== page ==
While it can cause similar symptoms to a common cold, it can also cause coughing, nosebleeds, clear discharge from the nose, persistent throat clearing, and dark circles under the eyes.

These tend to be genetic, so if you notice that your baby is showing symptoms and you have a family history of this condition, you should consult your pediatrician for a proper diagnosis and available treatment options.

Diarrhea and Constipation

During this time, your baby will be trying new food, which can take a while for their body to adapt to.

Introduction to cow’s milk can cause occasional diarrhea, especially if your baby is lactose intolerant. If you notice your baby crying while passing a bowel movement or their stools seem hard, they can be experiencing constipation.

Contact your pediatrician so they can recommend if the baby needs their diet adjusted or if you should add something to help with constipation. It’s imperative to inform the pediatrician about constipation if it’s accompanied by fever or vomiting.

Tips on Postpartum and Your 12-Month-Old

Tips on Postpartum and Your 12-Month-Old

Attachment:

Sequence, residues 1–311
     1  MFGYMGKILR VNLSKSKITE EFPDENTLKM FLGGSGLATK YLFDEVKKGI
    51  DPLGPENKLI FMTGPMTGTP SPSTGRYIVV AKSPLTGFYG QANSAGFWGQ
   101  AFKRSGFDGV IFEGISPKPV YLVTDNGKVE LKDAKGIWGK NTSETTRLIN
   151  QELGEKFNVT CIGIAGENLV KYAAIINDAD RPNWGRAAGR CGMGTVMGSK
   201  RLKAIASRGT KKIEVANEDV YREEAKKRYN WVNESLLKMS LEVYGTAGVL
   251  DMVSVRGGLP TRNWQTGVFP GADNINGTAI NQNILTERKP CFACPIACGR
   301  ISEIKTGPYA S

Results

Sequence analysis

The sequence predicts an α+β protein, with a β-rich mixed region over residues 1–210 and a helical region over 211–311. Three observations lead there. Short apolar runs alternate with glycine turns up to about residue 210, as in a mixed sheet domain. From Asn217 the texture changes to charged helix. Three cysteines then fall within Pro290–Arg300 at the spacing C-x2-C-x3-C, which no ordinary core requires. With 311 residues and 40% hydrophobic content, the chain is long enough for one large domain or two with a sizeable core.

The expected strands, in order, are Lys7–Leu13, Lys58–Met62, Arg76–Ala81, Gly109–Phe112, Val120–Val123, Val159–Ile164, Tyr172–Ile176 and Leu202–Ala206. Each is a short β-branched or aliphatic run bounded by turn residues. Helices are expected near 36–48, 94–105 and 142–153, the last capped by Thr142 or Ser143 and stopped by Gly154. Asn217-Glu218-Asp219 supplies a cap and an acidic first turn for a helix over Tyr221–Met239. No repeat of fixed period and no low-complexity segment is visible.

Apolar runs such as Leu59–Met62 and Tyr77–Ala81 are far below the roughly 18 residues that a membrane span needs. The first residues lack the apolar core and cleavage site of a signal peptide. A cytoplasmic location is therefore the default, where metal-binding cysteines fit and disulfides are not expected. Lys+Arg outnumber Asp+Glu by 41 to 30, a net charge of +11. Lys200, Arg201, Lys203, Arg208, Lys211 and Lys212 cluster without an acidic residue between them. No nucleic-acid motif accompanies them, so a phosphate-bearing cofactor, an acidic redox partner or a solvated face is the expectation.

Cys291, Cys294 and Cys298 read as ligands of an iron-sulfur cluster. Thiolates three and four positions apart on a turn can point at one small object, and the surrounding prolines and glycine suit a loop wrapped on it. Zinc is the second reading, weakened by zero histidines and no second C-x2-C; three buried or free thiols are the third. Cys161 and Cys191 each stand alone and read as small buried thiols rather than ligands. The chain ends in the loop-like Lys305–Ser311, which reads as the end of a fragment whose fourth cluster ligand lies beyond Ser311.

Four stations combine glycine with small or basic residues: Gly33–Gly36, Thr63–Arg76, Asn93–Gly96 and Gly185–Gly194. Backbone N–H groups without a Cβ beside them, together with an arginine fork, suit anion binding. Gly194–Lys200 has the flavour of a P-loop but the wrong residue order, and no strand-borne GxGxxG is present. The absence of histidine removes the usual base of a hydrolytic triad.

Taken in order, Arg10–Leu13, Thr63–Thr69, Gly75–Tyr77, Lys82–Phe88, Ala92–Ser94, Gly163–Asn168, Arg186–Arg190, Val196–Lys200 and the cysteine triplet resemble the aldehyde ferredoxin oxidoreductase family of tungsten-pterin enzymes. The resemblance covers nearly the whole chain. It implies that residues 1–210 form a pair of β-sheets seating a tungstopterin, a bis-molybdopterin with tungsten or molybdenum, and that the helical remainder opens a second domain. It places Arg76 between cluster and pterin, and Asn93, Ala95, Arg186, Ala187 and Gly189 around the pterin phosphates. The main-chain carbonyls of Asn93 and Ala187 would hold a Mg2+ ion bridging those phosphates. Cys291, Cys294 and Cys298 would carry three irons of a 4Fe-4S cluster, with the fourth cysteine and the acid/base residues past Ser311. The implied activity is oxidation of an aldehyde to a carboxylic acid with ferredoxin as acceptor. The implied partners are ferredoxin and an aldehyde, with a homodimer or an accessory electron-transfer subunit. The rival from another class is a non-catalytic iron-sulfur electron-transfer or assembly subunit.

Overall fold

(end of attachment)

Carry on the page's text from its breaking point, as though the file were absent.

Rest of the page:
Handling a 12-month-old might seem like a lot of work.

Here are a few tips to ensure that your soon-to-be-toddler is always safe and healthy while they do their daily activities.

Playing With Food

For a toddler, feeding time is more than just eating food. They might also want to experiment and experience the food itself.

It can get quite messy, but it’s best to be patient with them. This is the best time for them to learn about food and eating. You can still set simple limits and learn to say no when they start flinging their food.

Avoid overreacting to them playing with their food. They love using that to get your attention; overreactions mean it’s working.

Try to give them squishy foods to help them learn about different textures and what to do with them. They’re also easier to chew and swallow, especially for babies still growing their teeth.